According to the differential reactivity hypothesis, lonely individuals respond differently to their environment compared to nonlonely individuals, which may sustain their loneliness levels. However, this interesting hypothesis has not yet been explored in daily life: Do lonely individuals feel lonely all the time, or do they feel more or less lonely in specific social contexts? The main aim of the present study was to test the differential reactivity hypothesis in daily life by examining in three samples whether trait levels of loneliness affected the levels of state loneliness in different social contexts. We used baseline questionnaires to measure trait loneliness and the Experience Sampling Method to collect data on state loneliness, in early adolescents (N = 269, Mage = 14.49, 59% female) and late adolescents (N = 223, Mage = 19.60, 91% female) from the Netherlands and late adolescents from the United States (N = 126, Mage = 19.20, 51% female). Results provided evidence for the differential reactivity hypothesis in the total sample, as high lonely adolescents experienced higher levels of state loneliness in situations in which they were alone than low lonely adolescents, but also benefited more from being with intimate company than low lonely adolescents. In sum, the present study provided evidence for the differential reactivity hypothesis and showed that the experience of loneliness in daily life was remarkably similar across age and culture. Our findings provide important insights into the daily experiences of trait lonely people, which may provide starting points for interventions.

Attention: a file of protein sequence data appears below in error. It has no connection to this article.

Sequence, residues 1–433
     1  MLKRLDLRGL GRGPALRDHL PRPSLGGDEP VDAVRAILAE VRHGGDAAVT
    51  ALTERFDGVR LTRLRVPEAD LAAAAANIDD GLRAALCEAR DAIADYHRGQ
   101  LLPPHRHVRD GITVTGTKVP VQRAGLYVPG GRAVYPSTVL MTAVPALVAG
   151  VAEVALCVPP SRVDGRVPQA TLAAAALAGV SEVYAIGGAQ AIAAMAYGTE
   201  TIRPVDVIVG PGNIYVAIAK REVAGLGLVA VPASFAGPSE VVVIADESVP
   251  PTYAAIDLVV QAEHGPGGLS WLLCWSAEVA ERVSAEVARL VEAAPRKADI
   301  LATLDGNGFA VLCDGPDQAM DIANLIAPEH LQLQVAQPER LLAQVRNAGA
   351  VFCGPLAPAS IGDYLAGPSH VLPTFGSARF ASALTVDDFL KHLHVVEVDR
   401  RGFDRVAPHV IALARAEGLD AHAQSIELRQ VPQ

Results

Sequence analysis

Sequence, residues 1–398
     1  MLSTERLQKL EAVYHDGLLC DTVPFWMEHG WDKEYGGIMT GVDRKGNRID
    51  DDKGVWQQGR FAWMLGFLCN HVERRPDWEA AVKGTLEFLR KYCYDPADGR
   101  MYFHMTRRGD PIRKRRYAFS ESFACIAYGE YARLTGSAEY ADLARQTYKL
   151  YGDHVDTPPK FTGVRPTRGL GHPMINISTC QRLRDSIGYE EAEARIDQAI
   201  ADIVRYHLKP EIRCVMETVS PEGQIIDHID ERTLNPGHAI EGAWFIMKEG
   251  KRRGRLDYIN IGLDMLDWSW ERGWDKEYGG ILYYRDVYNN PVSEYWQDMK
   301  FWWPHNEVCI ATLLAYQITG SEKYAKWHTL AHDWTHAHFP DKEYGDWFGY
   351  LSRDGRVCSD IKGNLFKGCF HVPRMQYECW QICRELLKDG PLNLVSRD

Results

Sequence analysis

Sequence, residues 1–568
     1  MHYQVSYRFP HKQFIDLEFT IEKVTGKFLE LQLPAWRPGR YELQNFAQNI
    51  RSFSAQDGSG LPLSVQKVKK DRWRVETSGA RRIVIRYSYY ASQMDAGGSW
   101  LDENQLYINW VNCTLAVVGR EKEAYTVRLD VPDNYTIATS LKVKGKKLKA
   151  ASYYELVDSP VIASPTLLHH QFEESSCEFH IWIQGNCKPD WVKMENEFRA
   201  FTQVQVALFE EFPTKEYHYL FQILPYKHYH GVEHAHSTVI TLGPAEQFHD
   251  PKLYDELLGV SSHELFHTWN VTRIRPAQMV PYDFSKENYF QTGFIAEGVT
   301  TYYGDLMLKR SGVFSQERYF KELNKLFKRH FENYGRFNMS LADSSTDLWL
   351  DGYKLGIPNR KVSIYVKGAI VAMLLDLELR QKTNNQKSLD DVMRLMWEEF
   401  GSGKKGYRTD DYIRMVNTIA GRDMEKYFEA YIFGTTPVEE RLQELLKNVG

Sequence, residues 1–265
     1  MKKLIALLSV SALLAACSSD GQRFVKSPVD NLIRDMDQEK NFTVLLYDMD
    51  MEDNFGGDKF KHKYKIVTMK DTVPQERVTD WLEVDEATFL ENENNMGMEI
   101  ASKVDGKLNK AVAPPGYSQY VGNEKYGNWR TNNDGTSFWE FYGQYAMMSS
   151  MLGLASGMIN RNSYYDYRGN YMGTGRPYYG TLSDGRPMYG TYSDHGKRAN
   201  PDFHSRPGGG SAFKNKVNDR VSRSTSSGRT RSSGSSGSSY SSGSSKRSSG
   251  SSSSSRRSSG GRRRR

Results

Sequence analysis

|Journal of Clinical Child and Adolescent Psychology
|Published - 2018
- DEPRESSIVE SYMPTOMS